UK's pound rises ahead of BoE rate hike in December

UK's pound rises ahead of BoE rate hike in December

LONDON, Nov 19, Reuters - Sterling was up against the euro on Friday and was poised for its best week against the euro since Britain's first lock down in March 2020, after retail sales data fuelled bets that the Bank of England will raise interest rates in December.

The pound rose by 0.2% to 84.10 pence against the euro at 0940 GMT after official data showed British retail sales rose by 0.8% last month, a bigger rise than expected.

The BoE is ready to raise interest rates after Governor Andrew Bailey surprised the market by keeping them on hold at its November policy meeting, according to the economic data this week, including UK inflation and job numbers.

The pound climbed versus the euro to pre-pandemic levels this week and touched an 11 month high against the dollar. It was a 0.5% drop at $1.3436, as the dollar strengthened on Friday.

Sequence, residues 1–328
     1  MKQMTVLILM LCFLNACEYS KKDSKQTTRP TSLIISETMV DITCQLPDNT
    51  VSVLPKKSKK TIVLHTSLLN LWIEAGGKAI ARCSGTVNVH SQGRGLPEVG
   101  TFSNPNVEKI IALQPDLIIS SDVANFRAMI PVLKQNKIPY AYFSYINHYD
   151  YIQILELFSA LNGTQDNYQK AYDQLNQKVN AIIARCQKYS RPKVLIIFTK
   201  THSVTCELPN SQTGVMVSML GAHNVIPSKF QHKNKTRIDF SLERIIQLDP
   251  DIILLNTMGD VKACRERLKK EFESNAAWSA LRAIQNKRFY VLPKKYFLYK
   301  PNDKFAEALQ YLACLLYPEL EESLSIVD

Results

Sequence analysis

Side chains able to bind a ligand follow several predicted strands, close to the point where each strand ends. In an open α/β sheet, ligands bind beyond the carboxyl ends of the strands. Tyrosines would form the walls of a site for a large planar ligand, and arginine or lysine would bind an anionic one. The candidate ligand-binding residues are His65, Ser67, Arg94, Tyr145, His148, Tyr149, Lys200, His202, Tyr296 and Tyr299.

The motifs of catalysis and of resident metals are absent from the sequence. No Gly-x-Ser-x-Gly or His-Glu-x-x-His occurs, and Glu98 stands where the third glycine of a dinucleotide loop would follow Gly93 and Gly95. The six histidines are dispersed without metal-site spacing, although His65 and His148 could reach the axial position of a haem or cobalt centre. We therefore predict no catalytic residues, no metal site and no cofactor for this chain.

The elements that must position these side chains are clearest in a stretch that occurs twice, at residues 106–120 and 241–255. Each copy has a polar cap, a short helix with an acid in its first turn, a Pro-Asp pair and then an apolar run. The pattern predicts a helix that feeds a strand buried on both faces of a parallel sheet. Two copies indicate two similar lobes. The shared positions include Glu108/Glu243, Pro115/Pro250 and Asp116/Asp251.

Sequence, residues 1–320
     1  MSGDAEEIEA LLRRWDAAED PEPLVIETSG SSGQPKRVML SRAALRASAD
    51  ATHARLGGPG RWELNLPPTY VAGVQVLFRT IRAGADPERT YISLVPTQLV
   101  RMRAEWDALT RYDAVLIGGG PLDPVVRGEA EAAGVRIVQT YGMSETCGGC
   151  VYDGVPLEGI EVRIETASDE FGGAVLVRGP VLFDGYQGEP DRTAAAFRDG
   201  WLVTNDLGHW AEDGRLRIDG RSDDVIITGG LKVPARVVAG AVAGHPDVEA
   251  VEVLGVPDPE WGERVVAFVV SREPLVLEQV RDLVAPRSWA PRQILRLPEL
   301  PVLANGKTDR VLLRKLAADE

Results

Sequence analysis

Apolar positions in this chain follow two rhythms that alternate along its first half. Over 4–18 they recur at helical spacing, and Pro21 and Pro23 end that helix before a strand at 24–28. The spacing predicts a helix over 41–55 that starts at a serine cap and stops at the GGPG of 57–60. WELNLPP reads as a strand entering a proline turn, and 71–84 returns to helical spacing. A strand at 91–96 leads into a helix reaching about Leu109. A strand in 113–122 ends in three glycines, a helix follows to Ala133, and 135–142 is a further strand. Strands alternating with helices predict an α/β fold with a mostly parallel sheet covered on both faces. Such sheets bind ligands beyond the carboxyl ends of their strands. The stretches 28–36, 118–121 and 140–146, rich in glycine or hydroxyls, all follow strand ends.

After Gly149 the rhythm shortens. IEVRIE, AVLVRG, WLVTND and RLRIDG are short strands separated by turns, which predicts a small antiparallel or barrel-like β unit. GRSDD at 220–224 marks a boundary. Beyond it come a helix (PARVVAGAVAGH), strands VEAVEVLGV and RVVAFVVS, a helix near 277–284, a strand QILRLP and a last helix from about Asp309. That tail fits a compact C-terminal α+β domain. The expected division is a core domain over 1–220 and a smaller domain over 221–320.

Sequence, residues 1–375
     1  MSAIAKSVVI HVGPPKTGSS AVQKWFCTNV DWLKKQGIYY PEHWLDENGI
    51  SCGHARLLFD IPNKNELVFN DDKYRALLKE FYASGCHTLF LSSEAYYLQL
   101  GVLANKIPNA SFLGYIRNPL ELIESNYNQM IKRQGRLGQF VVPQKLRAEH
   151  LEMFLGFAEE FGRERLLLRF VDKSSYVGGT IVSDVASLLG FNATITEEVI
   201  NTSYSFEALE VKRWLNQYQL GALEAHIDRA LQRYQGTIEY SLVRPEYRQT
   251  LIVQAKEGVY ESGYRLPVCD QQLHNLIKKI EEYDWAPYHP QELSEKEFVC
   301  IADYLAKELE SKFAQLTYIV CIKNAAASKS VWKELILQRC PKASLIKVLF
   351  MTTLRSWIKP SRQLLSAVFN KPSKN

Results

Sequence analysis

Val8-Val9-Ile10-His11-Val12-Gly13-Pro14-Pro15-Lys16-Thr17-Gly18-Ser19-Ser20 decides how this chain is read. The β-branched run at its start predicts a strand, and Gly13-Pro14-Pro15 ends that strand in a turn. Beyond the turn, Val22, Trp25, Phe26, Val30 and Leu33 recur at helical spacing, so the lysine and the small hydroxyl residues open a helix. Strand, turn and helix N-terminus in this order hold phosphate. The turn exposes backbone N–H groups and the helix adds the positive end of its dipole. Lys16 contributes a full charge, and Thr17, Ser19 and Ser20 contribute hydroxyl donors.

October retail sales are the latest piece of evidence to support a BoE rate hike, ING told clients, adding that the focus will now be on the speech by BoE chief economist Huw Pill later in the day.

He was one of the first to support tighter discussions advanced by Governor Bailey, and he'll have more ammunition now, ING said.

The BoE is expected to become the first central bank to raise rates since the start of the epidemic to try to contain inflation that hit a 10 year high as household energy bills go up.

Britain's job market withstood the end of the government's furlough scheme, as a result of some of the BoE's concerns about tighter monetary policy.

Concerns over Britain and the EU's trade disputes could cause a disruption to the British economy, which is already lagging other rich nations, which is why Capping sterling's rise.

Britain left the EU last year but put off some border checks between its province of Northern Ireland and EU member Ireland that the bloc says is required under their divorce deal.

The spending watchdog said that Britain had been unprepared for a crisis like COVID 19 and was distracted by Brexit.